Book Image

Full-Stack React, TypeScript, and Node

By : David Choi
2 (1)
Book Image

Full-Stack React, TypeScript, and Node

2 (1)
By: David Choi

Overview of this book

React sets the standard for building high-performance client-side web apps. Node.js is a scalable application server that is used in thousands of websites, while GraphQL is becoming the standard way for large websites to provide data and services to their users. Together, these technologies, when reinforced with the capabilities of TypeScript, provide a cutting-edge stack for complete web application development. This book takes a hands-on approach to implementing modern web technologies and the associated methodologies for building full-stack apps. You’ll begin by gaining a strong understanding of TypeScript and how to use it to build high-quality web apps. The chapters that follow delve into client-side development with React using the new Hooks API and Redux. Next, you’ll get to grips with server-side development with Express, including authentication with Redis-based sessions and accessing databases with TypeORM. The book will then show you how to use Apollo GraphQL to build web services for your full-stack app. Later, you’ll learn how to build GraphQL schemas and integrate them with React using Hooks. Finally, you’ll focus on how to deploy your application onto an NGINX server using the AWS cloud. By the end of this book, you’ll be able to build and deploy complete high-performance web applications using React, Node, and GraphQL.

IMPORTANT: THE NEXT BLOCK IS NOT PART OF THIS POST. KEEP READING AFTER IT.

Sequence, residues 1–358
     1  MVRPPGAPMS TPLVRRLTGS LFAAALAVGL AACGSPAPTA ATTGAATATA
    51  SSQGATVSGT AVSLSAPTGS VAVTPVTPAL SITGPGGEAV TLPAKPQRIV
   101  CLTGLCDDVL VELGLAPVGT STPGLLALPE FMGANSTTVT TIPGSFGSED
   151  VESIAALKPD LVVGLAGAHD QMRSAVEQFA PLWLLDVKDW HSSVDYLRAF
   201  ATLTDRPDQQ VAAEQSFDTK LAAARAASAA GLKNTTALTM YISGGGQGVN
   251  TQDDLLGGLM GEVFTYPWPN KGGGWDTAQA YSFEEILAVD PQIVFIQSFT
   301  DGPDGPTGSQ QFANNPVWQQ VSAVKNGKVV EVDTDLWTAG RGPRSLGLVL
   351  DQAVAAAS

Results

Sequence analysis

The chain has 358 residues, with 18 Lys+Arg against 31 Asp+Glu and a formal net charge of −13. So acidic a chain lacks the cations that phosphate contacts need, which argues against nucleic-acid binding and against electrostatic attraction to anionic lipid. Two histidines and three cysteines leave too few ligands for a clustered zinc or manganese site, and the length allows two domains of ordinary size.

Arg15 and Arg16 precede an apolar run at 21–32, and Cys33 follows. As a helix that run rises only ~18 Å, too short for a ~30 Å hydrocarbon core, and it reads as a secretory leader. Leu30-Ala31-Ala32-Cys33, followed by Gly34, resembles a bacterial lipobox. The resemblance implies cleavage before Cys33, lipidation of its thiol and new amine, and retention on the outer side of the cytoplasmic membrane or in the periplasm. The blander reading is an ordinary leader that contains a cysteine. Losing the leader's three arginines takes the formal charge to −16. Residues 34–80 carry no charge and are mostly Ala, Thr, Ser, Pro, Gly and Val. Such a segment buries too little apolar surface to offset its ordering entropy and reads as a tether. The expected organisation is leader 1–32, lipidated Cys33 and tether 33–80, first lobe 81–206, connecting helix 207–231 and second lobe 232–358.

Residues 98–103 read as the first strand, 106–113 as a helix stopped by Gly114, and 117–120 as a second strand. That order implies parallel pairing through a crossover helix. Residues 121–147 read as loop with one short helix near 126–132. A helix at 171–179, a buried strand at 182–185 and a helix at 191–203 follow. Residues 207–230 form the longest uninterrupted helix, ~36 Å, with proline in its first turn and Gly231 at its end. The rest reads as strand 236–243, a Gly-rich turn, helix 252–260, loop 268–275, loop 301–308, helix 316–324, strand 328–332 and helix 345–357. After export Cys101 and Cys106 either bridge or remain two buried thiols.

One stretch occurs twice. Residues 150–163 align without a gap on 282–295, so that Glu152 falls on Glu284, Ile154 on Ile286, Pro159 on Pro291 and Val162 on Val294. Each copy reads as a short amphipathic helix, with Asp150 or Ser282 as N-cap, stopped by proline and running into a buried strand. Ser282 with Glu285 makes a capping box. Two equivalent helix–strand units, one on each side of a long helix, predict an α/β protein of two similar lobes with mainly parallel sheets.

Table of Contents (22 chapters)
Section 1:Understanding TypeScript and How It Can Improve Your JavaScript
Section 2: Learning Single-Page Application Development Using React
Section 3: Understanding Web Service Development Using Express and GraphQL
Chapter 16: Adding a GraphQL Schema – Part II

Learning React Hooks and understanding how it is an improvement over class-style components

In this section, we will learn about React Hooks. We'll take a look at an example project and see how it works. Since this book is primarily about Hooks, at least with regard to React, it will help us write our code later.

Let's discuss some of the reasons for Hooks. We saw in the class components section that classes have lifecycle methods that allow you to handle certain events that occur while a component is alive. With React Hooks, we don't have those lifecycle methods, because with Hooks all components are functional components. We created a functional component in the class-components sample app called GreetingFunctional in the previous section. A functional component is a component that is a JavaScript function and returns JSX. The reason for this change is that the entire design is attempting to move away from Object Oriented Programming (OOP) inheritance models and...